The big picture: Evidence that cybersecurity has become the big issue abounds. Foreign Affairs devotes the current issue to the topic, while J.P. Morgan International Council identified it as the most significant threat facing businesses and government in a report released Thursday.

Between the lines: One can never permanently “win” the battle against malicious attacks, but it is possible to be losing the fight. 2021 definitely felt like a year in which the attackers had the upper hand.

  • The combination of cryptocurrency and ransomware has proven to be especially tough to fight as it is often in the business interests of a victim to pay up rather than take the risk of data loss or even a business disruption.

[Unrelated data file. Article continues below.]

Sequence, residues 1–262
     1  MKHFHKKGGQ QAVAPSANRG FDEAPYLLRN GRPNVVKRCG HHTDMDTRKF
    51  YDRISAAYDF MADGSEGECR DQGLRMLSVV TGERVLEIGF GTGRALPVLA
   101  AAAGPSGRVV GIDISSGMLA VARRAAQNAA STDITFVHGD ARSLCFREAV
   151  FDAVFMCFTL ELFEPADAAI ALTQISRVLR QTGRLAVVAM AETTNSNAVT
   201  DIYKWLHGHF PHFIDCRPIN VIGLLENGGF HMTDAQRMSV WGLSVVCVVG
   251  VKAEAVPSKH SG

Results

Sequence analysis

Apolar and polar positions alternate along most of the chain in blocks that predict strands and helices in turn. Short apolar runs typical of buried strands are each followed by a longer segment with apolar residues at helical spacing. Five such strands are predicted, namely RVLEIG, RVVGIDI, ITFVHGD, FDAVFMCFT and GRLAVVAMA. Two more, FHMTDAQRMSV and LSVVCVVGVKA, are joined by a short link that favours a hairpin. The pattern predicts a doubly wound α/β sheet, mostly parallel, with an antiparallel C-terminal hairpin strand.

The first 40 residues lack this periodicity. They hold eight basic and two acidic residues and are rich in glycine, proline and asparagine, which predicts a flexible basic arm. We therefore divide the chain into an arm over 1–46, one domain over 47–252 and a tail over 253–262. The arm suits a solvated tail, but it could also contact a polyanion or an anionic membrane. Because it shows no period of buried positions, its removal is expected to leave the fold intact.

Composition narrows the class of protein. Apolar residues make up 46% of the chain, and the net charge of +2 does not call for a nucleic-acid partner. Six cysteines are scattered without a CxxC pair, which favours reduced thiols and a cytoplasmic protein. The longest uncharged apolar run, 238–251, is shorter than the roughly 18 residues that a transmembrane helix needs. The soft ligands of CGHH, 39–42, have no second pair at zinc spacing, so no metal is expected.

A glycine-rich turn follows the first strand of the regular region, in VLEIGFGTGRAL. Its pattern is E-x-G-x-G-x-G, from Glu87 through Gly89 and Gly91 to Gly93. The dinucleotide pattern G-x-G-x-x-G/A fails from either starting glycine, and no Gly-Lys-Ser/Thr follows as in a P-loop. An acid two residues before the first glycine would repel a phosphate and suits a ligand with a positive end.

The rise in cyberattacks has also made for thorny diplomacy among nation states. With physical attacks, there has been a relatively clear line that acts as a deterrent, even for nations with significant conflicts. But in cyberspace, the division is murkier.

  • “The domain of cyberspace is shaped not by a binary between war and peace but by a spectrum between those two poles—and most cyberattacks fall somewhere in that murky space,” former deputy director of national intelligence Sue Gordon and former Pentagon chief of staff Eric Rosenbach wrote in a Foreign Affairs piece.